The vast majority of OPB listeners probably agreed wholeheartedly with every spin he put on stories and wished he'd go further. It's NPR in Portland, for gosh sake! Who do you reckon is listening and sending in money?

Wednesday, May 25, 2005 6:51:00 PM  
Anonymous none of your business said...

i have no idea what definitions or "guidelines" as they are properly called OPB may hand out, but anybody who can't tell the difference should probably be listening to lars (and probably is). now THERE'S a real newsman, huh?

Thursday, May 26, 2005 8:56:00 AM  
Anonymous Anonymous said...

The vast majority of OPB listeners probably agreed wholeheartedly with every spin he put on stories and wished he'd go further. It's NPR in Portland, for gosh sake! Who do you reckon is listening and sending in money?

Well, probably a lot of folks like me, centrist-ish moderate folks who like intelligent, in-depth news but want it without a side of unfunny, sophomoric snark. But hey, if OPB had wanted to go that way, more power to 'em. Heck, it's worked for Fox News! Apparently, though, they decided in favor of some semblance of impartiality.

none of your business:
Hey, insult my intelligence all you like, but you still haven't answered how a listener should have known that Eubanks was a "host" and not a "newsman."

Thursday, May 26, 2005 10:45:00 AM  
Anonymous none of your business said...

how a listener should have known that Eubanks was a "host" and not a "newsman."


well, it's called common sense.

Thursday, May 26, 2005 1:28:00 PM  
Anonymous Anonymous said...

Oh, I see. You're supposed to just know that the guy reading news headlines is not a journalist and therefore his ravings should not reflect on OPB's credibility. And OPB should feel absolutely no responsibility to make that clear. Because people will just know. And people say the media's out of touch with the real world! Pshaw!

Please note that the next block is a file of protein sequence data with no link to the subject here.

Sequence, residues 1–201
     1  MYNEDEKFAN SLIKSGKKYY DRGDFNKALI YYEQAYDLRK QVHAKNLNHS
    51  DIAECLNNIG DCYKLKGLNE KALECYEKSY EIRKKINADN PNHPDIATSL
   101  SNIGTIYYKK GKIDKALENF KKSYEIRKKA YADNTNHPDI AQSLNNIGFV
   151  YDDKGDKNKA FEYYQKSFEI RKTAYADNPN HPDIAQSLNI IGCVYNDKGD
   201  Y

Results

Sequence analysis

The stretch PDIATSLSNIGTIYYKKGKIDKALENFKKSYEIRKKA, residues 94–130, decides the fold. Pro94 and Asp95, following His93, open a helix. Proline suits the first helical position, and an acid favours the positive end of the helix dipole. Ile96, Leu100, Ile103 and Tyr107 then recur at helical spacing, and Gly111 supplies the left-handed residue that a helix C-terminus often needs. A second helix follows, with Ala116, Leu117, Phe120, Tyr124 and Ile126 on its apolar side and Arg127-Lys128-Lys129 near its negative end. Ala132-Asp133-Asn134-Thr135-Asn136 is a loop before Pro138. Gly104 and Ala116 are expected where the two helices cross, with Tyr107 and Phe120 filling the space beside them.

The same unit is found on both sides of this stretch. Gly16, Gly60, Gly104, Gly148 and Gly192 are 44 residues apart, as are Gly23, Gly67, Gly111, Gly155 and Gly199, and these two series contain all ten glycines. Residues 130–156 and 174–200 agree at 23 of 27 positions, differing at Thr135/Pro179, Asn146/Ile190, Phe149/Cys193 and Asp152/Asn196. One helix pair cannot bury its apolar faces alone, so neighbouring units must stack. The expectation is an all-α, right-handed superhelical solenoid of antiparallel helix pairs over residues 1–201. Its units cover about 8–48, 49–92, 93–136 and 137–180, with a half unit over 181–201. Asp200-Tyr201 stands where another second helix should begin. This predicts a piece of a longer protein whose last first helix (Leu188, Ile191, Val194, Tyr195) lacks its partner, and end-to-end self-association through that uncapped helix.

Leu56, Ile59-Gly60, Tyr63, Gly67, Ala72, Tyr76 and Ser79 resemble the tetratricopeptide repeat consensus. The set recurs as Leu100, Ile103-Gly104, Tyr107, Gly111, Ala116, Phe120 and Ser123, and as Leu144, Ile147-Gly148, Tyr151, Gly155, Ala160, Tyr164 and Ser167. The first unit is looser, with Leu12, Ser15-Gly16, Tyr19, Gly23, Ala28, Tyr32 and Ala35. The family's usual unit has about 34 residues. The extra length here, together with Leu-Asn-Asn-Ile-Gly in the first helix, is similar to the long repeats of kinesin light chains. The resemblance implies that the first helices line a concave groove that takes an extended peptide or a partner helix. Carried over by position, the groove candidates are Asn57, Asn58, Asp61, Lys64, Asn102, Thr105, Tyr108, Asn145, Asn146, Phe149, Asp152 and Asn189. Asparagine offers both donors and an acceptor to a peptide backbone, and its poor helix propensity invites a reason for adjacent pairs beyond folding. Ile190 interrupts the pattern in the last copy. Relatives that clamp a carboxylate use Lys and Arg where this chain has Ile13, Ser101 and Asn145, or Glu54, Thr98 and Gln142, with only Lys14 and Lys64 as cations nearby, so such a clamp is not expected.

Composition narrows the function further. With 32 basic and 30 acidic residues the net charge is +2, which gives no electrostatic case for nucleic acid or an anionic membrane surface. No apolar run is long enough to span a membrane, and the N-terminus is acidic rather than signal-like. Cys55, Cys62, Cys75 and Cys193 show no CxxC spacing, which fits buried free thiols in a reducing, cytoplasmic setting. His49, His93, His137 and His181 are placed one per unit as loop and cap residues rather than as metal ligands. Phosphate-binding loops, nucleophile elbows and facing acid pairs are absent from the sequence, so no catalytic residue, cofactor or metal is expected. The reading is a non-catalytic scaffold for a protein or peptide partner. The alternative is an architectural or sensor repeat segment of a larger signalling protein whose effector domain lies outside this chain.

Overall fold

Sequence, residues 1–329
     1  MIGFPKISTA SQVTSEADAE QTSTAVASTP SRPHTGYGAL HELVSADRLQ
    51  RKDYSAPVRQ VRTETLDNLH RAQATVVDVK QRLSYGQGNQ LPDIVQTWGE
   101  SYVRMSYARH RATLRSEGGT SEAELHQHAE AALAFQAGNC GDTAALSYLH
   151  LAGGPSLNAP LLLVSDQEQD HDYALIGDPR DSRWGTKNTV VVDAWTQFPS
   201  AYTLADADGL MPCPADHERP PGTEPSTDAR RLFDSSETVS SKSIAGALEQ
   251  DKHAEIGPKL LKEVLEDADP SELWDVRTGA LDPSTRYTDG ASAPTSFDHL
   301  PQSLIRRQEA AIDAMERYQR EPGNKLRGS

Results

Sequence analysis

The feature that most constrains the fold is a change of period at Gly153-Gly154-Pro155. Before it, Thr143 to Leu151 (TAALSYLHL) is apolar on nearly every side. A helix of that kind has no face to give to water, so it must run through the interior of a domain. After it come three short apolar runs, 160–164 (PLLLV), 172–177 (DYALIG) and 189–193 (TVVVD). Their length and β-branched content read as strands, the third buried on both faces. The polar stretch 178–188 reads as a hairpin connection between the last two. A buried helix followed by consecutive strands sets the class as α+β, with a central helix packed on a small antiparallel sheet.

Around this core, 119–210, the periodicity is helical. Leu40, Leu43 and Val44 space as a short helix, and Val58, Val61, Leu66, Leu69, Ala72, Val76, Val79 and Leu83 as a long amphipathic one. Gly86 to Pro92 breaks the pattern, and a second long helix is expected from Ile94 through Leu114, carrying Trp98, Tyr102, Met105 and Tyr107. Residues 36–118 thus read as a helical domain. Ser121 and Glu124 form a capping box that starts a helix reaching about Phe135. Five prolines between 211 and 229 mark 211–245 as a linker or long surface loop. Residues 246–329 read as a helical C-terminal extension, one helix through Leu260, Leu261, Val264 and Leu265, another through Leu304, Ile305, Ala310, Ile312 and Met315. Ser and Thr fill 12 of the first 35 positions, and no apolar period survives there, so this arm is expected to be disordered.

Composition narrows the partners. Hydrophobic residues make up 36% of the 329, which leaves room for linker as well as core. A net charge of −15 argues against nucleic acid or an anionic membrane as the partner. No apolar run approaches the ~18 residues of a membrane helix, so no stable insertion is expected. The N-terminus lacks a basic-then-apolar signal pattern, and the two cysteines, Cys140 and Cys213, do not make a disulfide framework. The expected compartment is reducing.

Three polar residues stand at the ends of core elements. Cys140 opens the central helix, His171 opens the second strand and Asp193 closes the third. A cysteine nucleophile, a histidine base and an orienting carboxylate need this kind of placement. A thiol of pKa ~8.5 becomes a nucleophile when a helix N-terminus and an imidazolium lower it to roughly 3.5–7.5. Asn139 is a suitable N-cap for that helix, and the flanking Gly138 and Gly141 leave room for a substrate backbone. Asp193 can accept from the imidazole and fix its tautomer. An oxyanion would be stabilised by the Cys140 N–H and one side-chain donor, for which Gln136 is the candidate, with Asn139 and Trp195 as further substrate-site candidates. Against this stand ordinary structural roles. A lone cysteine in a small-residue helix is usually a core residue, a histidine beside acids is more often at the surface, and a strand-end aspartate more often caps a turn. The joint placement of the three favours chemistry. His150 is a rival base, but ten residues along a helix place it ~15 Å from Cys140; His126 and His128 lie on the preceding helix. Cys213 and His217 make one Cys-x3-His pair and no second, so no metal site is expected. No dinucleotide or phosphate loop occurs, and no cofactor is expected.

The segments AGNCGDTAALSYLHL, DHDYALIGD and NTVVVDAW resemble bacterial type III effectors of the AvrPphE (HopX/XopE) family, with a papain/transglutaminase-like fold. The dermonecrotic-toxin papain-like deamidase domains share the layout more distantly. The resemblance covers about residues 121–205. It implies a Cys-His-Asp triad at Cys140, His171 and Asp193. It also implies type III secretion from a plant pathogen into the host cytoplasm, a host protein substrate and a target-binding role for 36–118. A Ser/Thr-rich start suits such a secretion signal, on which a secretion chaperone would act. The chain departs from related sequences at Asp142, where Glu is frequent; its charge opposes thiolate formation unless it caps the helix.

Thursday, May 26, 2005 2:06:00 PM  
Anonymous none of your business said...

first of all, Gray never raved a la lars. and any fool knows a quip from a newscast. except you.
how do you feel about the fox news anchor who, while interviewing a republican about the nuclear option mess, kept referring to "we" and "us" when talking about republicans.
why don't you complain about something important?

Thursday, May 26, 2005 2:23:00 PM  
Anonymous Anonymous said...

how do you feel about the fox news anchor who, while interviewing a republican about the nuclear option mess, kept referring to "we" and "us" when talking about republicans.

If Fox News cared about its credibility as an impartial news organization, they should knock that off. They don't, apparently, as is their right. Given that Eubanks got the boot, OPB perhaps feels differently.

why don't you complain about something important?

This is a site about the local media, no? I didn't stumble into the Freeper or Kos fever swamps, did I?

Thursday, May 26, 2005 4:29:00 PM  
Anonymous none of your business said...

does fox appear on your screen? or do you have to go out of town to see it?
you have no idea why gray was fired. period. and i am not going to tell you.

Thursday, May 26, 2005 8:59:00 PM  
Anonymous Anonymous said...

does fox appear on your screen? or do you have to go out of town to see it?

Huh?

you have no idea why gray was fired. period. and i am not going to tell you.

Nope, I don't (hence the word "perhaps"). But Eubanks himself said management told him to knock off the commentary because it compromised the impartiality of the news staff.

Friday, May 27, 2005 1:04:00 PM